5. Stress and general anxiety or general heightened emotional state. CBH can employ a secular form of mindfulness meditation which is taught to the client. This has the twin goals of calming the mind and teaching greater self-awareness which is helpful when combined with cognitive restructuring and the move to more helpful thinking patterns
  6. Hypnotherapy is associated with helping people stop smoking but the evidence suggests that there is no significant difference between the effectiveness of hypnotherapy and other popular approaches. Unlike some approaches, hypnotherapy does not involve drug therapy or continued intake of nicotine and has no known side effects
  7. Hypnotherapy is also associated with weight and lifestyle management. Advice from the NHS states that an effective approach should combine diet, activity and psychological support. Hypnotherapy offers the psychological support. The focus of the weight loss program is the adoption of life long habits to promote return to healthier weight and diet. This includes identification and removal of current problematic eating behaviours such as emotional eating, boredom eating, unconscious eating with reduced awareness, ‘addictions’ to specific foods (chocolate, cake, coffee)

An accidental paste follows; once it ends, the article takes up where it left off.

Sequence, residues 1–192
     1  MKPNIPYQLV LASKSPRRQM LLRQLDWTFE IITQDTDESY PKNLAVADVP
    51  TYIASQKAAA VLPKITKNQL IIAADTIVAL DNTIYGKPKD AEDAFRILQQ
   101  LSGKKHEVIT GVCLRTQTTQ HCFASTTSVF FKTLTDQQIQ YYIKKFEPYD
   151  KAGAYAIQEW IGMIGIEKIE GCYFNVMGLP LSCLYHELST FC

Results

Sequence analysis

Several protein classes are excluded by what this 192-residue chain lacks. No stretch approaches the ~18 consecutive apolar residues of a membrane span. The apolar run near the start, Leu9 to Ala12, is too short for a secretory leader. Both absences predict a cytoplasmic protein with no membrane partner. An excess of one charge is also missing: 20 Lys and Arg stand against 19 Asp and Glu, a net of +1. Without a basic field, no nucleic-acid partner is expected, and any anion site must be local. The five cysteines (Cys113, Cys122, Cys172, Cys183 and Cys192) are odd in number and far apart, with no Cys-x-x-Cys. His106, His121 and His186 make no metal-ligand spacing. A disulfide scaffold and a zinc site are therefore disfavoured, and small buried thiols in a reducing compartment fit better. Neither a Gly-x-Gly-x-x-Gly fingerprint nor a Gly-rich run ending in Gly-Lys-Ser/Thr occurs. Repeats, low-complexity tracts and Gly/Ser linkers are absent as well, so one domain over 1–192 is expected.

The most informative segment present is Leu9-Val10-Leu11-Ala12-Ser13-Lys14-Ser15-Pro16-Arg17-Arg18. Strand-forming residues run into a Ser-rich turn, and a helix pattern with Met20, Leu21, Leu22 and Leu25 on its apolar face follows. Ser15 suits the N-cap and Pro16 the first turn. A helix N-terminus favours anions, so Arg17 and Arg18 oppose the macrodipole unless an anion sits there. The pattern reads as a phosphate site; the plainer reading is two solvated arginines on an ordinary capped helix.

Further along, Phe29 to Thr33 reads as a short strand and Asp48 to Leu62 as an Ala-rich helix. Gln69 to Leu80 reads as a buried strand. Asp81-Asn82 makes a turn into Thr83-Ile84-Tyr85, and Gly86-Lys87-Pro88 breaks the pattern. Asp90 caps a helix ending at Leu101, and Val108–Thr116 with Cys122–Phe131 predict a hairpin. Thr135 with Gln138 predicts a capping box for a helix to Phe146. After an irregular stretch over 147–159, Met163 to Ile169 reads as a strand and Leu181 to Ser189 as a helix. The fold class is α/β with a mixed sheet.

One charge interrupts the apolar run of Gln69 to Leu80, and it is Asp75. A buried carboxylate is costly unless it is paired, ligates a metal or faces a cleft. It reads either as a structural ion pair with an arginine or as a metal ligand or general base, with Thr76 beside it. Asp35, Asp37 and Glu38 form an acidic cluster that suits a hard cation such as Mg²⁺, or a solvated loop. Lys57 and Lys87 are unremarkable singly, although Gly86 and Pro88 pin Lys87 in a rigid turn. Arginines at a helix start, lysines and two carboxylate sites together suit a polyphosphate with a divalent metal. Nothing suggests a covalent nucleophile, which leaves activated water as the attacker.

Steve Baxter

  1. Steve Baxter is a Cognitive Behavioural Hypnotherapist (CBH) - being an evidence based approach to hypnotherapy. He is also Senior Tutor at a major UK based Hypnotherapy School, the Anglo European College of Therapeutic Hypnosis based in Bournemouth and running training courses UK wide.
  2. Steve has two diplomas in Hypnotherapy, one externally validated by the NCFE; a certificate in CBH and a range of certifications in other therapeutic approaches. He is a member of the General Hypnotherapy Register and registered with the CNHC thus bound by their codes of ethics, requirements for supervision and CPD and subject to their complaint procedures. Both organisations have validated his qualification. Copy of certificates and proof of memberships and current professional insurance can be provided on request.